We have always lived in Interesting Times: The Venice Biennale.
(May You Live in Interesting Times is the theme for the 58th Venice Biennale.)
Getting here wasn’t that easy. I was sick on the plane ride over, left my computer on the plane (remembered while standing in line for customs and bolted back for it like Usain stuck in a configuration of boobs, bootie and belly with a 20 lbs backpack on), and had a white knuckling, shout “Jesus’ name” out loud, plane ride from London to Venice. Ugh.
But my friend and I, arrived safe and sound after midnight and fell straight into bed. The next day, we gave praise to Venetian shutters that block out every ounce of light one needs to maintain a state of “my body still thinks it’s midnight.” It was 2pm by the time we left the house. We wandered up the canal, swerved, right, left, right, crossed a bridge, left, forward, crossed a bridge, swerved right, left, forward again until reaching a street where we could find someplace to serve us our “morning coffee.” Choosing by aesthetics as artists tend to do, we walked into a cute cafe that had a backyard patio. Perfecto. We choose the farthest table in the back, and sat next to two men sipping coffee and nibbling on an assortment of well made tea cakes. We began chatting immediately. Midway into our conversation it was revealed to us that we were talking to one of today’s most coveted authors. I will keep him anonymous for the sake of our beautiful exchange. Some things should just always be sacred. But let me tell you, I swooned and you would too.
That encounter was the sign I needed. I needed a major exclamation mark to land in front of my face. The mark of a good omen! Interesting.
Good omen and all, I will not lie to you, it’s taken a few days to surrender my body to the heat, the motion of tourists such as myself, scuffling along paved ally ways, at the overstimulation of beauty at every gaze.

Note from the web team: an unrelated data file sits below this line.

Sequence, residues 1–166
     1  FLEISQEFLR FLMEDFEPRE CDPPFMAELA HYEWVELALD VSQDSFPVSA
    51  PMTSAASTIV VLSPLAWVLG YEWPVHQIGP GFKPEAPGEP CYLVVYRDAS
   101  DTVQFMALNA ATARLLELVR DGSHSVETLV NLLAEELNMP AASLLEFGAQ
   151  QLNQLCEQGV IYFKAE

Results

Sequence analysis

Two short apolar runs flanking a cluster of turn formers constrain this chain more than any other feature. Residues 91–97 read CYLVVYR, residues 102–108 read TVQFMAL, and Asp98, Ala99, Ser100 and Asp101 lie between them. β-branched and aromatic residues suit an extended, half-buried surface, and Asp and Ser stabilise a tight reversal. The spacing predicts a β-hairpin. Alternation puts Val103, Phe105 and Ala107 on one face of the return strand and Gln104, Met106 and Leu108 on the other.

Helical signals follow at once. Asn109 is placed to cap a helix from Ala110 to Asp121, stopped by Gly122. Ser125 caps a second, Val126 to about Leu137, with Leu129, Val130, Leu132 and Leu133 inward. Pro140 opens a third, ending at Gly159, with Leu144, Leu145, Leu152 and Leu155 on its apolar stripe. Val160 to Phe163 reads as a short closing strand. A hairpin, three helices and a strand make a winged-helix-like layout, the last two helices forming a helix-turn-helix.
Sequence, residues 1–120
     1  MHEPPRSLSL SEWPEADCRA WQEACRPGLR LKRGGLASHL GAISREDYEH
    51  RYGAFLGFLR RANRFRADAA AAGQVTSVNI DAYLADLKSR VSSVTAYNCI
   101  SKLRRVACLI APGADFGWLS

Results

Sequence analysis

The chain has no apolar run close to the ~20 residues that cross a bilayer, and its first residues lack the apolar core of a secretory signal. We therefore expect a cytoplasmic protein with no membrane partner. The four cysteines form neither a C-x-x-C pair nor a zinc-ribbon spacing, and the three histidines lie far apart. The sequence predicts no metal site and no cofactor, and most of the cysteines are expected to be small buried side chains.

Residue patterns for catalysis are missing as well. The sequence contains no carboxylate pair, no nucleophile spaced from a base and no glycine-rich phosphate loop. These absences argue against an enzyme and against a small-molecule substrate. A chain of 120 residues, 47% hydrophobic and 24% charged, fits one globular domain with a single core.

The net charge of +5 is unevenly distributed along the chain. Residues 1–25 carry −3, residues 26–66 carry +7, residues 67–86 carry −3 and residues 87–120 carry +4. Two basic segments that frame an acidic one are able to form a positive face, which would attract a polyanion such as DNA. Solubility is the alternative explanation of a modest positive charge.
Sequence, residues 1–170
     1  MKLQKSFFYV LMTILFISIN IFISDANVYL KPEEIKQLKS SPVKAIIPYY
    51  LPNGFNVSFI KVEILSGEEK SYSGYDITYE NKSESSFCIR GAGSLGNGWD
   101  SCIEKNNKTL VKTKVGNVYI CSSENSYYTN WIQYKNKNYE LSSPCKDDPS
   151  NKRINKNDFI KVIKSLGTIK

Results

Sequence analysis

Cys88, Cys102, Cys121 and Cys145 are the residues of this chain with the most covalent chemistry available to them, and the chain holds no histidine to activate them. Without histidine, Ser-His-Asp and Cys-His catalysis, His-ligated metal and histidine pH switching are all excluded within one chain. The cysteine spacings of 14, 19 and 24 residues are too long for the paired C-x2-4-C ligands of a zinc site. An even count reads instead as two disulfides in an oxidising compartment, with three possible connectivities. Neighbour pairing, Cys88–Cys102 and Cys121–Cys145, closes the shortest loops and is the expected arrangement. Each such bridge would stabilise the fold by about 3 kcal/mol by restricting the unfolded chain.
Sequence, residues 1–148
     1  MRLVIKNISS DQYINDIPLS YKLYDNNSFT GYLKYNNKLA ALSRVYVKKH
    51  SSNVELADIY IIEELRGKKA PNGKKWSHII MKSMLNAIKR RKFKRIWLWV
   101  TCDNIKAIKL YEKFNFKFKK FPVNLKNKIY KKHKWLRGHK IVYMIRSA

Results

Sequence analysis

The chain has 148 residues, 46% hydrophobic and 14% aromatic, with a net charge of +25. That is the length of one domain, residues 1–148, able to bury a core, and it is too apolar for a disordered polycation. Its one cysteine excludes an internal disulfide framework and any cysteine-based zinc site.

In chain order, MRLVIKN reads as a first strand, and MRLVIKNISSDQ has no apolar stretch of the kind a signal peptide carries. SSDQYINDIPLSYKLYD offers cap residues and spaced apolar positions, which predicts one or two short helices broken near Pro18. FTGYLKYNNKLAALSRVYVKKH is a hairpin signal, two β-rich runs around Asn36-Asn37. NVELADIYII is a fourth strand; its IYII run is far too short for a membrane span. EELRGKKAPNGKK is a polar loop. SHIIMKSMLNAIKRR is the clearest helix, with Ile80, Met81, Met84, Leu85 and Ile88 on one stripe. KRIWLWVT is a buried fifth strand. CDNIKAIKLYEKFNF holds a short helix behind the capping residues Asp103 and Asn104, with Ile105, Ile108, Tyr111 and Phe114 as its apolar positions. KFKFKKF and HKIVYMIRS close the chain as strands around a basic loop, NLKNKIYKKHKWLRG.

After a full days rest it was time to seek out the long list of artists who either won the lottery, yelled at their governments, or simply said “sure” to showing their work at the 58th Venice Biennale. We hit up multiple biennale sites around the island before walking into the Zimbabwe Pavilion. As my Insta account, @spill_thestudiopathway affirms, I’ve already noted that it only took a few seconds for the senses to recognize a velocity of expression felt upon setting eyes on the art work of Kudzanai-Violet Hwani. I knew we were in for a treat.
Quickly, I engaged the pavilion attendent who so happend to be the Minister of Cultural Affairs to Zimbabwe, representing the artists of his country. Soko Risina Musoro, A Tale Without A Head, is the response by Georgina Maxim, Cosmas Shiridzinomwa, Kudzanai-Violet Hwami and Neville Starling to the epic poem by Herbert Chitepo. Each artist’s set of works was a stunning expression of the experiences held and navigated by a set of people who find themselves in “interesting times.” The main questions explored by each artists are “What defines home for Zimbabweans in the diaspora?” and “Are African solutions in their past or in new hybridized ideas?” I’m taken with these questions because they are so similar to my own needs and framing for how I contribute and belong in this world. I’ve always lived in a hybridized space, in a mental pull between places, in a body familiar to two sharply contrasting racialized social bodies. I’m an amalgam of racialized experiences that catalog a terain of in’s and out’s, here’s and there’s, up’s and down’s, love’s and hate’s. It’s always interesting.
May You Live in Interesting Times, is a mantra that quickly sticks to your ribs. Like oatmeal. It’s hearty. It allows you take in each artist’s intention with some intentionality for gazing inward but at the same time offers a blanket statement for numbing the intake of the world as it currently haunts us. It eases the absurd political posturing around the world, the ongoing structural and systemic violence against the environment, each other, and our spirits. From a biennale curatorial lens, the statement is a profound invitation to wrestle with difficultly…interesting being a substitution for what is disorderly, hurting, painful (so when you see the “Teresa” scribbled on top of all the biennale stickers, snide snickering is appropriate). However, that’s not the world I want to actively participate in so I am gently exposing the softer side to a phrase that assists you along the path of ingesting the displays of artistic fodder waiting to interest your soul.
May we live in interesting times to watch the seeds of our utopia sprout. May we live in interesting times activating all the love we can muster. May we live in interesting times to see the solutions we’ve carried from mother line to mother line rightfully take center stage, as we tilt the planet into rotations of equanimity.